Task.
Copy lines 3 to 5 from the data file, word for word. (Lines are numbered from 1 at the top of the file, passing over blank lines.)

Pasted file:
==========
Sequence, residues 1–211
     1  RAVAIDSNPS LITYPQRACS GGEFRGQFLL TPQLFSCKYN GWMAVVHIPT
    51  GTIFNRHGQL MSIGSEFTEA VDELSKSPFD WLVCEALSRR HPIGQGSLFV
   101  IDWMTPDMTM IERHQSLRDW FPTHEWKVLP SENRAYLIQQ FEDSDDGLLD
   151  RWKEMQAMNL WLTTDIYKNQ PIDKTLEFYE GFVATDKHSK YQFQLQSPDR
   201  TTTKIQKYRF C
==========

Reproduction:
    51  GTIFNRHGQL MSIGSEFTEA VDELSKSPFD WLVCEALSRR HPIGQGSLFV
   101  IDWMTPDMTM IERHQSLRDW FPTHEWKVLP SENRAYLIQQ FEDSDDGLLD
   151  RWKEMQAMNL WLTTDIYKNQ PIDKTLEFYE GFVATDKHSK YQFQLQSPDR